Yesterday in checking into the French fan forum at lawandorder-fr.com, I was treated to a discussion thread reminding me that the French celebrate May 1st as a holiday. One of the male members of the forum left all of the women a photo of lillies of the valley — my all time favorite flower — as a sort of virtual present. I appreciated the inherent class and thoughtfulness of the gesture and the discussion thread reminded me that the lillies of the valley in my back yard ought to be in bloom, so this morning I went out and gathered a bunch of them. They are beautiful to look at, they smell fantastic, and they are deserving of the Victorian symbolism assigned to them: the ‘return of happiness’.
While how I think GE/NBC and Wolf are using the media in their negotiations posturing stinks to high heaven, a little searching for the latest news brought this pretty little bouquet of an editorial by David Blum of the NY Sun that indeed makes a little happiness return to my thoughts.
“Ripped From the Airwaves
By DAVID BLUM
May 2, 2007
“Creative people come up with creative solutions,” Dick Wolf recently told the New York Times in a story about the dwindling prospects for keeping “Law & Order” on television next year. Who am I to quibble with the genius who devised “Law & Order” back in 1990 and got millions of us hooked on its endlessly adaptable formula? But now Mr. Wolf needs an equally creative inspiration if he wants to save his show and its spin-offs from cancellation later this month. Yelling at NBC executives isn’t it.
The creator of “Law & Order” and its progeny faces the distinct possibility that at least two “Law & Order” shows will be cancelled at the end of this season. As always, he’s furious. NBC argues that the shows’ ratings have plummeted — at least those of “Law & Order,” the flagship, and its latest surviving spinoff, “Law & Order: Criminal Intent” — and has hinted broadly that both face the ax when the 2007–08 fall schedules are announced this month. To Mr. Wolf, it’s outrageous that NBC’s attention to its bottom-line interferes with his plan to outlast “Gunsmoke” on the air. Only three more seasons and he would achieve that distinction in the record books, as though that’s reason enough to keep it around.
Bad time slots! No promotion! Don’t worry, I’ll re-cast! Those rank among Mr. Wolf’s most dependable rants in response to low ratings, and he has spilled them to the press in recent weeks, hoping, in vain, for loyal viewers to take to the streets in protest over the prospect of cancellation. Mr. Wolf would rather wrangle with executives than spend time contemplating the creative failures that have left his once-addictive show without a loyal audience. Only one of his spin-offs, “Law & Order: SVU,” has found ratings success in recent years, and that’s because it traffics in the sort of sex-abuse cases that resemble ratings hits like “CSI.”
Anyone who once loved the dramatic tension of a great “Law & Order” episode from the 1990s has acknowledged the show’s failure to sustain its premise for 17 seasons. Stories once twisted and turned with the cleverness of Hitchcock and Highsmith; true fans can remember classic episodes like the one in which the comedian Larry Miller murdered his wife and got away with it — only to be caught seasons later when he killed wife no. 2. Intricate story lines and great New York actors doing memorable star turns (among them Philip Bosco, Bruce Altman, and Edie Falco) enhanced the show’s cast of regulars, a gifted ensemble that included Steven Hill, Carey Lowell, and Sam Waterston.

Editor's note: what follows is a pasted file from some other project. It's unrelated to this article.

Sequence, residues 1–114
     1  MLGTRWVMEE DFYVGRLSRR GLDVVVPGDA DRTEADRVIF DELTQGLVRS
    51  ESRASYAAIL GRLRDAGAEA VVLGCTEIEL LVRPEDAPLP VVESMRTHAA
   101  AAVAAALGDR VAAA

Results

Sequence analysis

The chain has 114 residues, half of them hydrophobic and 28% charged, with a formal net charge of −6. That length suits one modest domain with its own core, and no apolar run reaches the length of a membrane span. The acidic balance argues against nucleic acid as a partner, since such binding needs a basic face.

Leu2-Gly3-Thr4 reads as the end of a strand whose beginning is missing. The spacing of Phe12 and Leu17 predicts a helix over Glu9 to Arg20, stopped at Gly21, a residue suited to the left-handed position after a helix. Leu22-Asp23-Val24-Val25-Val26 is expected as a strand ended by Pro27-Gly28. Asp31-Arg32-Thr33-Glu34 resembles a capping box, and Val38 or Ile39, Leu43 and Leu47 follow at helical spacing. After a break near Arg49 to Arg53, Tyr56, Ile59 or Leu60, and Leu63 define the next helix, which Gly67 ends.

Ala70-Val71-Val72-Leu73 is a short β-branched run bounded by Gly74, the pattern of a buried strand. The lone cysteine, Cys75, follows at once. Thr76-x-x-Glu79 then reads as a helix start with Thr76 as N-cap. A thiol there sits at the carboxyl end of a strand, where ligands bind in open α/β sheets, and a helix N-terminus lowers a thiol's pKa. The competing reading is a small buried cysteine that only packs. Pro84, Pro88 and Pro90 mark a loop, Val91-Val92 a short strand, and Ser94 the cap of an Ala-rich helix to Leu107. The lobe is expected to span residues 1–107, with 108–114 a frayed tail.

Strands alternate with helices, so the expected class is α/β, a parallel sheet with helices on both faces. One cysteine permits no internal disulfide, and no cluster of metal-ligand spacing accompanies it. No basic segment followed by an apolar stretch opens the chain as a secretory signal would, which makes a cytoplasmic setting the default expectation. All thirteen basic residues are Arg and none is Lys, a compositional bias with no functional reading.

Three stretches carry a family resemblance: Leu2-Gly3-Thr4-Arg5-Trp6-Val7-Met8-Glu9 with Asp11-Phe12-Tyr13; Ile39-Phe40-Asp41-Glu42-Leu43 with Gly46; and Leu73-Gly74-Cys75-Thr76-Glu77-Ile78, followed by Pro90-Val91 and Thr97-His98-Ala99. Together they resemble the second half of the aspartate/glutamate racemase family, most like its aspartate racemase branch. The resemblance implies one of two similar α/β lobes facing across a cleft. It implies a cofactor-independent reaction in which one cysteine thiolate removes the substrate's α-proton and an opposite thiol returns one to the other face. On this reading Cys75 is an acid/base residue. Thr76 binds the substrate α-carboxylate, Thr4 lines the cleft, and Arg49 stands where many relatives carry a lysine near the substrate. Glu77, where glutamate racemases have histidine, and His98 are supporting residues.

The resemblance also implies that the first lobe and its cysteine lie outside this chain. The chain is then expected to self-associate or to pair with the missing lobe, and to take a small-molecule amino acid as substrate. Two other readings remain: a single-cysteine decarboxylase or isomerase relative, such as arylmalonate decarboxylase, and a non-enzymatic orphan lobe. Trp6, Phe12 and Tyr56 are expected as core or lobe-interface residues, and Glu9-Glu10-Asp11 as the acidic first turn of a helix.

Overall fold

But in recent seasons, the show has fallen back on the tired “ripped from the headlines” motif that has all too often made it feel predictable and lame. “Law & Order” never quite recovered from the death of Jerry Orbach or the departure of Benjamin Bratt, the best one-two detective punch it ever offered. Its latest lineup of cops and prosecutors (mostly cast from the Wolf playbook of brunette hotties) look like they’re reading off cue cards. When you start longing for the days when Angie Harmon was an assistant district attorney, you know the show has reached a tragic state of disrepair.
The desperation for a new audience has crept into the scripts; this season, all three “Law & Order” series have violated a stated vow to avoid character backstory. Last Friday’s “Law & Order” episode ended with the surprise appearance of Mr. Waterston’s character’s daughter, and a two-part “SVU” with Mariska Hargitay investigating whether her mother was raped. We’ve also recently spent time with Vincent D’Onofrio’s mother and brother on “Criminal Intent,” and we’re none the wiser for it.
Whatever happened to pure, simple crime-solving? I’ve even started to miss the crazy jigsawpuzzle openings of “Criminal Intent” from its early years, the ones that made no sense until you went back afterward to re-watch. Maybe they gave you a headache, but two extra-strength Tylenols seemed a small price to pay for a decent hour of television.
It’s not about quality anymore for Mr. Wolf, or even his antagonists at NBC. It’s about money, and how to squeeze profits from the diminishing revenue streams of network television. “I don’t know where the money is,” Mr. Wolf admitted to the Times in April. His only prospect is having sold the “format rights” to foreign countries, where local actors perform episodes of “SVU” and “Criminal Intent.” Isn’t that basically like selling the rights to “Our Town” to community theaters? Even Mr. Wolf admits that it amounts to nothing more than a “trickle” of revenue. He has no other answers, and no other ideas. It’s time to stop blaming the messenger for the deserved death of his firstborn, and let “Law & Order” drift peacefully into the endless afterlife of syndication.”